Georgia Man Sentenced To 120 Months For Crack Cocaine Conspiracy
GREENEVILLE, Tenn. – On Aug. 27, 2014, Micah Antwan Still, 25, of Covington, Ga, was sentenced by the Honorable J, Ronnie Greer, U.S. District Court Judge, to serve 120 months in federal prison. Still had previously been convicted of conspiracy to distribute crack cocaine.
In 2012 law enforcement began investigating a large-scale crack cocaine conspiracy originating out of Atlanta. As part of the conspiracy, numerous individuals, including Still, trafficked kilogram quantities of powder cocaine to Johnson City. Still facilitated the procurement of a series of rental cars in Georgia which were used to transport and distribute the drugs. Upon arrival in Johnson City, the drugs were manufactured into crack cocaine and then distributed throughout the area. The resulting drug sale proceeds were subsequently used to procure additional powder cocaine and repeat the cycle of distribution.
Individuals involved in this conspiracy who have already been sentenced include: Tavares Lashaun Dalton, 36, of Covington, Ga., who was sentenced to serve 240 months in prison; Marcus Lavoya Holliman, 36, of Atlanta, who was sentenced to serve 210 months in prison; Devin Deonte Blalock, 20, of Jonesboro, Ga., who was sentenced to serve 120 months in prison; Kwanza Tarveze Worthy, 20, of Atlanta, who was sentenced to serve 120 months in prison; Don Juan Glass, Jr., 22, of Atlanta, who was sentenced to serve 120 months in prison; Uhamma Castillo Delgado, II, 24, of Johnson City, Tenn., who was sentenced to serve 120 months in prison; Demario Jenard Serchion, 29, of Atlanta, who was sentenced to serve 77 months in prison; and Cody Alan Sherrill, 22, of Jonesborough, Tenn., who was sentenced to serve 41 months in prison. Five others remain to be sentenced in Greeneville, while still others are awaiting prosecution for their involvement in the conspiracy.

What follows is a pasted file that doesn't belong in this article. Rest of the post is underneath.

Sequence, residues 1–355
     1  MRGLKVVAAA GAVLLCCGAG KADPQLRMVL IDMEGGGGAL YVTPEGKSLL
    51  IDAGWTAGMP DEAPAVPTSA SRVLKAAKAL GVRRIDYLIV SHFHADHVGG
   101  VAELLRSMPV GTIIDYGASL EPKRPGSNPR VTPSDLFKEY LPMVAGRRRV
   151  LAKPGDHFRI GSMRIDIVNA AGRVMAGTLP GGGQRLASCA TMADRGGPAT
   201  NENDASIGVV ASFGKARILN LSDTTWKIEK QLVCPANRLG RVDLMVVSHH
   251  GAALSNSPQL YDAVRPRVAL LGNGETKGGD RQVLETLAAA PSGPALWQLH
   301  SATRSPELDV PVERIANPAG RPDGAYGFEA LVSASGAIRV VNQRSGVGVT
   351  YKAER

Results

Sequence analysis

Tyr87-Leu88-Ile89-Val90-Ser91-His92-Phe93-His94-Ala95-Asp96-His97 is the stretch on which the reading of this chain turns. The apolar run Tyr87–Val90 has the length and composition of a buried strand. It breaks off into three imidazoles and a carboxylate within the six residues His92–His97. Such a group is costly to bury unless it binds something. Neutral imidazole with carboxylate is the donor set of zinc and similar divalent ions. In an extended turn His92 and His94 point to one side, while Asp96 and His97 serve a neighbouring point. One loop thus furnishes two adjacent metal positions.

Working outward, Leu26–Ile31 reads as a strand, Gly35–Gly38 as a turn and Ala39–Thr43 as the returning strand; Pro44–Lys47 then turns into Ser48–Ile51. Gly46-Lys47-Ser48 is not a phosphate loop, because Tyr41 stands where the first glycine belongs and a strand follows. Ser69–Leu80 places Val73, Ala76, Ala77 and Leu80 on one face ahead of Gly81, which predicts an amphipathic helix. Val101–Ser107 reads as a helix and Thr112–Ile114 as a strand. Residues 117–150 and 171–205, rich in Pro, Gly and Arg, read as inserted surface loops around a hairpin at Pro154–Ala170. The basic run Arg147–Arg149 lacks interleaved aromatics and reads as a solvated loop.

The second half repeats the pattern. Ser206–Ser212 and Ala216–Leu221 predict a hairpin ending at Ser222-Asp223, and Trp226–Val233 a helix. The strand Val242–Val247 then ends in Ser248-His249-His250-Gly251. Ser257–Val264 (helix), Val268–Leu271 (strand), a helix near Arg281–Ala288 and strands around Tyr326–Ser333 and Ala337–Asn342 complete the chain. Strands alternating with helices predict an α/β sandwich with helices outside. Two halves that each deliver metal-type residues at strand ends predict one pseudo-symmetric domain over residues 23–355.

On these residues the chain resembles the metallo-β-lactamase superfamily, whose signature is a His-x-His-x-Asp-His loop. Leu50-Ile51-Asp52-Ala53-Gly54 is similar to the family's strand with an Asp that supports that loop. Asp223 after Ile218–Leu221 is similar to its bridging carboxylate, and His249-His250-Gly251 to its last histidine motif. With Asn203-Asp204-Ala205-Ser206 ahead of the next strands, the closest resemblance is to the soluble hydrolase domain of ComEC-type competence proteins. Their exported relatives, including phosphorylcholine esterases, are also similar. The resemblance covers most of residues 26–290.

This long term investigation was the product of a partnership between the Johnson City, Tennessee Police Department; the First Judicial District Drug Task Force; and the Drug Enforcement Administration. Assistant United States Attorney Nick Regalia represented the United States.
This case was a result of the Department of Justice’s Organized Crime and Drug Enforcement Task Force (OCDETF) program, the centerpiece of the Department of Justice’s drug supply reduction strategy. OCDETF was established in 1982 to conduct comprehensive, multi-level attacks on major drug trafficking and money laundering organizations. Today, OCDETF combines the resources and expertise of its member federal agencies in cooperation with state and local law enforcement. The principal mission of the OCDETF program is to identify, disrupt, and dismantle the most serious drug trafficking and money laundering organizations and those primarily responsible for the nation’s drug supply.